subsets. Arbitrarily complex expressions of them can be evaluated
with relatively little processor time or I/O. The ease of this
operation results from careful design of the index and strategies,
the most important of which is the parallel evaluation of the Boolean
functions on large groups of records. Certain statistical
operations--like counting the number of records satisfying a certain
Boolean condition--can be done directly on the index. This can be
used to derive question-answering strategies heuristically, or can be
the direct input to a statistical study.
Once the index has done all it can in subsetting, attention turns to
the records themselves. Certain conditions cannot be evaluated using
the index; an obvious case is the selection of records based on the
value of an unindexed field. Also, certain data structures cannot be
explicitly represented in the file:record:field model. These must be
constructed by the user, out of groups of records linked by pointers,
or using other special mechanisms. The class of operations that is
useful in further record selection consists of field content testing,
pointer chasing, simple computation in the numerical and symbolic
senses, and various operations below the data element level, such as
pattern matching, string manipulation, etc. Such operations require
a control structure approaching that of the general purpose higher
level language. It is our intention to make all of this available,
though not with the goal of providing a computation facility, but
rather, a data management facility that is capable of using as much
knowledge as the programmer can supply.
A simple set of primitives is required for file maintenance in the
data structure we are talking about. The operations are:
1. add a field/record
2. delete a field/record
3. replace a field/record.
The difficult part, as in retrieval, is locating the element to be
operated on. Notice that individual record formats can be changed
at will: the set of possible formats is limited only by the file
When record contents are changed, index entries that are a function
of them must be changed also. When the function determining what is
to be indexed is part of the file description, the maintenance of the
index is automatically performed by the system. Otherwise, this is
the responsibility of the user.
All fields in a record can be optional, variable length, allowed to
occur an arbitrary number of times (up to some fixed limit for each
field). Fields can be present and later be deleted from any record.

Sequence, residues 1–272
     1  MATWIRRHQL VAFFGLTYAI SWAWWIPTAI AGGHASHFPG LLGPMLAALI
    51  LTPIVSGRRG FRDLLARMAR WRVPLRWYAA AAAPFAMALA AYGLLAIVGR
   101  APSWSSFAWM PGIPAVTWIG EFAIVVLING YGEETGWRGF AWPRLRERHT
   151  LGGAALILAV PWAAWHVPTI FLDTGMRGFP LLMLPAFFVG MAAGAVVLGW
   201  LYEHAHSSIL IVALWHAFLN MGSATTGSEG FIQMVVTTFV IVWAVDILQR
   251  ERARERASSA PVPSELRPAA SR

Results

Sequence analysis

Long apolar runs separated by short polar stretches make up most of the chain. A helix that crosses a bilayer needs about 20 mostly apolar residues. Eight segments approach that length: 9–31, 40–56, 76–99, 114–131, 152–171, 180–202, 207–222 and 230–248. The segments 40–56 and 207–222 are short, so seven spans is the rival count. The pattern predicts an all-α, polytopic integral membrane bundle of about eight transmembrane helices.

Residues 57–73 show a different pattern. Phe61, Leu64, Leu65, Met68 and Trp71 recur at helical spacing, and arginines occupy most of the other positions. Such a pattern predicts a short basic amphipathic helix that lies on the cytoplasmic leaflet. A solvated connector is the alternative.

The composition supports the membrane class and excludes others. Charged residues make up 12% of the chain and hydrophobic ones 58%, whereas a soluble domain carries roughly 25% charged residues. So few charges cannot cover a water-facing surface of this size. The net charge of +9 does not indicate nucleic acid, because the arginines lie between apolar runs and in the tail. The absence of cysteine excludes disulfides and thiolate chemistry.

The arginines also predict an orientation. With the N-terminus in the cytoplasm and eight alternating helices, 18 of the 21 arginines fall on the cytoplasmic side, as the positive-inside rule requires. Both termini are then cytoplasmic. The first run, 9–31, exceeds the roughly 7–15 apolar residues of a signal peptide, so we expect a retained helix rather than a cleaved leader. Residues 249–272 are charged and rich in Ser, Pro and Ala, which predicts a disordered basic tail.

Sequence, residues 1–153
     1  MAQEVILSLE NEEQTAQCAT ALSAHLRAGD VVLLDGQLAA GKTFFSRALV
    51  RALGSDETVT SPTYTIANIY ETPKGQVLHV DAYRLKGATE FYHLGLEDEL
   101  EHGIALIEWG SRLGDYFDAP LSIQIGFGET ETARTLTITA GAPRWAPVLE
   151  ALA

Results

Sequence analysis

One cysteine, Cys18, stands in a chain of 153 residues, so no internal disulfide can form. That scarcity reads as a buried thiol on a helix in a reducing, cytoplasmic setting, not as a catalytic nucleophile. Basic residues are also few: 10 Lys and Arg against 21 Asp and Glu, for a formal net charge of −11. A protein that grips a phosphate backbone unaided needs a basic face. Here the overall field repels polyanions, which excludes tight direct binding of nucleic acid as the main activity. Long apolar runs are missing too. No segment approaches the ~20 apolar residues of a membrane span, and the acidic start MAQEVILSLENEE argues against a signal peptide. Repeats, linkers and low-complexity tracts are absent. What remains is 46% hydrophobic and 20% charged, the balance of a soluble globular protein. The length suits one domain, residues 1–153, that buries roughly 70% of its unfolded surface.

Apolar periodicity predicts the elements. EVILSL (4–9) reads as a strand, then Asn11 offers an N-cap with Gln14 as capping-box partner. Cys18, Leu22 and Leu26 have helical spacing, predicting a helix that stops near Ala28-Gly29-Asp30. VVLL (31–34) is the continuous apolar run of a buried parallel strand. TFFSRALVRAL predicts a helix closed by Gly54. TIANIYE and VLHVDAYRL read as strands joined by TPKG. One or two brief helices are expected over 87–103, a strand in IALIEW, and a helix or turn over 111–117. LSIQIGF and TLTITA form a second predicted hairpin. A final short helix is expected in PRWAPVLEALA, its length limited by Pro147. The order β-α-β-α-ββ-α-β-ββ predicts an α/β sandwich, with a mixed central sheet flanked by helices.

Fields can be added to the file description at any time. The only
reason for limiting the flexibility of a record format is to reduce
The system outlined here is intended to be suitable for many
applications; some examples are:
1. Storage and retrieval of dumps and other unstructured files. The
system will happily pack away your one enormous record, as quickly
and painlessly as possible.
2. Applications that would normally be set up on tape: sequentially
accessed files that are copied over when they are changed. Most
record formats should be able to remain just as they are. If you
want to operate this way, the datacomputer imposes no overhead
(such as indexing) on you. The datacomputer willingly acts as
unsophisticated as a tape drive; it will pass your file, adding
and changing records as it copies them. It will pull off the
interesting ones, reconfigure if desired, and transmit them to
you. When you describe the data, you have solved the data sharing
problem for this application.
3. Simple-minded direct access applications. The great hairy index
structure neatly degenerates to imitate indexed sequential, simple
directly-addressed files, and other old standbys in the direct
4. Text/document retrieval. The indexing is made for this kind of
applications. In addition, documents can point to subdocuments,
related documents, etc.
5. Content-oriented, rapid retrieval applications are the specialty
of the house.
6. Large data bases used for statistical analysis or modeling such as
the census, the common social science data bases, etc.
7. Applications in which data element groups (such as records) are
related in a complex fashion, and the intelligence of the
datacomputer, which is close to the data and remote from the
computational facility, can be put to good use.
In all of these, an important consideration is size. We hope to
handle these applications properly on the datacomputer, even when the
files are of extraordinary size.
[ This RFC was put into machine readable form for entry ]
[ into the online RFC archives by Sandy Ginoza 9/2001. ]
[ Original has hand-written note in Postel's handwriting: ]
[ "Received 21 Sept 71". ]